Murawski et al. from Warsaw, Poland, reported a series of hepatic tumours (n=6) resected using laparoscopic techniques. The maximum tumor size was 7cm, and mainly confined to segments II/III. Benign pathology was found in all. There was one conversion because of bleeding. The port arrangement was similar to a cholecystectomy with a slight change according to the anatomical segment targeted.
The tips and tricks reported by them included:
- Placing a tape around porta hepatis at the start of the procedure as a preparation for Pringle maneuver (they had to use it in one of the six patients).
- Using laparoscopic ultrasound probe to delineate the mass and suggest a plan for resection.
- Using an energy device (mostly Harmonic Scalpel™) for resection.
- Availability of a variety of hemostatic options (e.g. bipolar coagulation, Ligasure™, LigaClips™, etc.)
The authors concluded that laparoscopic hepatic resection is feasible in the smaller benign tumors. However, it is a challenging teamwork procedure. And the debate in using it for malignant tumors still continues ….
Laparoscopic assisted extracorporeal ovarian harvest: A novel technique to optimize ovarian tissue for cryopreservation in young females with cancer
Lukish JR. J Pediatr Surg. 2021 Mar;56(3):626-628. doi: 10.1016/j.jpedsurg.2020.11.004.
Overall and disease-free survival has significantly increased among cancer patients in recent decades. With many patients treated as children growing into adult life, a new topic has started to emerge – that of preservation of fertility potential.
Many cancer treatments are gonadotoxic as the rapidly dividing cells in gonads are very sensitive to most chemotherapy drugs. Cryopreservation has become more and more used in practice to secure fertility potential before starting treatment. While embryo and oocyte are available for the adult female, the prepubertal female has fewer options and essentially this comes down to ovarian tissue preservation and this classically meant oophorectomy and cryopreservation of the harvested tissue.
This report describes a novel extracorporeal ovarian harvest strategy that is safe, effective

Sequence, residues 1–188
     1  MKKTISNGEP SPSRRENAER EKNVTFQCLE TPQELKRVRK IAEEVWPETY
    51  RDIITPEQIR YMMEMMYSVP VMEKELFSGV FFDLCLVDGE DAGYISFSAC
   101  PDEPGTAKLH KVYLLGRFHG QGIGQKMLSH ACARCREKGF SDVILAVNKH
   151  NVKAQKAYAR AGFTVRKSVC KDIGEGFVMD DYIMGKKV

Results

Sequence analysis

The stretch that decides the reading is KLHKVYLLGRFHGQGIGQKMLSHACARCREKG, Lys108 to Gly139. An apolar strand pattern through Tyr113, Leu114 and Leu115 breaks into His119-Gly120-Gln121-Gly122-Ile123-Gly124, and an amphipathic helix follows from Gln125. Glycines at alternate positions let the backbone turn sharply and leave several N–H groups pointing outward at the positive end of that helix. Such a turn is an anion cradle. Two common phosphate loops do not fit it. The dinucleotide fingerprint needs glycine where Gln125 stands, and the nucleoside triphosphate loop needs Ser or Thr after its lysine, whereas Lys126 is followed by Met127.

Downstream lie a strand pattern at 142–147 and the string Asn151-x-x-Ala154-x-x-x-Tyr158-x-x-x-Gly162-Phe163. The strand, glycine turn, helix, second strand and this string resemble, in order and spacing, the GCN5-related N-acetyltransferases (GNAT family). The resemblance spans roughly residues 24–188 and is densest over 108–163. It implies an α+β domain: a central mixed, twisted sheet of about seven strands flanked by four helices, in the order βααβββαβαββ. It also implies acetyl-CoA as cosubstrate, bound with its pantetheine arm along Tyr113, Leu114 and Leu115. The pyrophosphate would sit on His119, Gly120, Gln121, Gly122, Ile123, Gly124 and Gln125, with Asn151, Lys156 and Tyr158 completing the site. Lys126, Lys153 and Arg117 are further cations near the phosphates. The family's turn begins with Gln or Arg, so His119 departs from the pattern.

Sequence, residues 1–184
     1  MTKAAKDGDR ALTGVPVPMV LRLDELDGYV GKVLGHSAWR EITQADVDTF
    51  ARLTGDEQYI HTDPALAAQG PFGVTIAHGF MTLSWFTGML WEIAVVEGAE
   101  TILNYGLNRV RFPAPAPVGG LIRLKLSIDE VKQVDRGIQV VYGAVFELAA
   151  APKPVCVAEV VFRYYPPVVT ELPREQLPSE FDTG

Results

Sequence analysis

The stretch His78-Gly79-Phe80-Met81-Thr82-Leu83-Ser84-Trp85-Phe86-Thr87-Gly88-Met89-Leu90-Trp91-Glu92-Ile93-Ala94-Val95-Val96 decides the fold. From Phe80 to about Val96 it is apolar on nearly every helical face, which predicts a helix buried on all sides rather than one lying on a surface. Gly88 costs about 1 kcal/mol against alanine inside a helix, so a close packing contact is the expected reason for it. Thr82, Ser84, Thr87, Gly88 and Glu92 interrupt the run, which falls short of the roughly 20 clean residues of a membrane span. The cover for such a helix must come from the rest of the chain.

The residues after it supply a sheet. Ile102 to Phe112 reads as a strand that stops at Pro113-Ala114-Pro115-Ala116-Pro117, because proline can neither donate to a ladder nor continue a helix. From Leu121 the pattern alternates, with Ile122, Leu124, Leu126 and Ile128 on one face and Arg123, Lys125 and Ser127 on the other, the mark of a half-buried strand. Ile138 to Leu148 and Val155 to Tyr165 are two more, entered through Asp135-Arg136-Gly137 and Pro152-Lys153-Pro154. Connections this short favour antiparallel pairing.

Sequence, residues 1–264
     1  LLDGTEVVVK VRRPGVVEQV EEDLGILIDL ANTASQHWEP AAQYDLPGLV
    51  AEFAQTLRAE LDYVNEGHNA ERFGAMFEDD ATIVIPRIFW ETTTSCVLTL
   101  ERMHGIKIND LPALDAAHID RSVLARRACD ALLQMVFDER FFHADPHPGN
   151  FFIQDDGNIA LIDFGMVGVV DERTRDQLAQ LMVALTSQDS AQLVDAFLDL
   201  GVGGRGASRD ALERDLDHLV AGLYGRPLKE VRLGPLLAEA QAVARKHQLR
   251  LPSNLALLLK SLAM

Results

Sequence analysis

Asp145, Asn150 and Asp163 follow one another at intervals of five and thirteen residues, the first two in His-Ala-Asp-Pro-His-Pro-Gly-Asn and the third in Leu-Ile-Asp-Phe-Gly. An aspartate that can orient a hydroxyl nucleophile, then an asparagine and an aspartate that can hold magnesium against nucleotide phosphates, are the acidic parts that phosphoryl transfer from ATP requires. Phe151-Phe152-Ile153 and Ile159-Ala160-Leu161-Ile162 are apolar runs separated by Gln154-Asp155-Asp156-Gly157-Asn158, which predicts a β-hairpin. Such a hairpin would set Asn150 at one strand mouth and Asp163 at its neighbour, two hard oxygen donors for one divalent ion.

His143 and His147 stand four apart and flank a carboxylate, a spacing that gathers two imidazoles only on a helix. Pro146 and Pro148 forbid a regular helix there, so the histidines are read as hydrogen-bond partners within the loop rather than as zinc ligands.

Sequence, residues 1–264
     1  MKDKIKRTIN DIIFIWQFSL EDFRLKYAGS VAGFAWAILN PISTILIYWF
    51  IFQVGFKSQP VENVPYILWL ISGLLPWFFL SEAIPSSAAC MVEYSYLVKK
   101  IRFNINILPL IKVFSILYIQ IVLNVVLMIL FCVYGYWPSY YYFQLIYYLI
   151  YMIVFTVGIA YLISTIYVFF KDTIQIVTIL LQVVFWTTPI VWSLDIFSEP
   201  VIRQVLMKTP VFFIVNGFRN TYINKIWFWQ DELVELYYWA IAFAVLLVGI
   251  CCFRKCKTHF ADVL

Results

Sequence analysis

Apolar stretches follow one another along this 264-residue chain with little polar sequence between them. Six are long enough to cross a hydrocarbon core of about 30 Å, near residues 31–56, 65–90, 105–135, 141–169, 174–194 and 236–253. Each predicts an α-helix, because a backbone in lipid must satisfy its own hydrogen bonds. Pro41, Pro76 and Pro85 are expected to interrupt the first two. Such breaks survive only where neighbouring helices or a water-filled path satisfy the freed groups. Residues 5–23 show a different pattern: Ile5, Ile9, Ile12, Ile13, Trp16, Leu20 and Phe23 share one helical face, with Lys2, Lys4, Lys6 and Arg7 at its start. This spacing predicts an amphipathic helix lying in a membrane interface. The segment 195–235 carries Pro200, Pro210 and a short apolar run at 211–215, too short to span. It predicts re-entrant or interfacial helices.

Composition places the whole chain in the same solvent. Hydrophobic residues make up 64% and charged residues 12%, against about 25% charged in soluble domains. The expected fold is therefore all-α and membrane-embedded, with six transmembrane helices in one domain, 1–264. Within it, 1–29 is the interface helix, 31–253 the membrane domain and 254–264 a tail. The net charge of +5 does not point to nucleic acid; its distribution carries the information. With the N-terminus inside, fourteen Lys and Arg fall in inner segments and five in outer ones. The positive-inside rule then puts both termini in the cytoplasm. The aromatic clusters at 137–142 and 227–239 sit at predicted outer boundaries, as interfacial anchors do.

and may allow for more optimal tissue preservation in selected young females with cancer. The main operative steps included:
- The left ovary is preferred for harvest
- A 12mm port is placed suprapubic close to the ovary
- A 2/0 prolene suture is passed from the port and passed through the ovary.
- Ovary is extracted by the traction suture through the port site to extracorporeal site.
- A scalpel is used to perform ovarian tissue harvest (30% of the ovarian tissue) and the capsule is re-sutured for hemostasis.
- The ovary is then returned to the abdomen.
Development and evaluation of a low-cost part-task trainer for laparoscopic repair of inguinal hernia in boys and the acquisition of basic laparoscopy skills
Duboureau H, Renaud-Petel M, Klein C, Haraux E. J Pediatr Surg. 2021 Apr;56(4):674-677. doi: 10.1016/j.jpedsurg.2020.05.044.
Do you have a plastic bottle? Don’t throw it away. A newly published article described a low- cost training model for paediatric inguinal hernia. Lap. herniotomy is gaining popularity in paediatrics and more and more surgeons are encouraged every day to try it. Despite the many techniques described for the procedures either percutaneous, extracorporeal or intracorporeal, the challenging part in the procedure is avoiding injury to the vas and vessels which needs practice and experience. The model is composed of a plastic bottle, gloves, loops and that’s it! The model was used mainly for residents’ training, among other levels and the feedback was effective and helpful. I think it worth a trial for all of us with a little experience in laparoscopic herniotomy.
[curated by Mark Davenport December 2021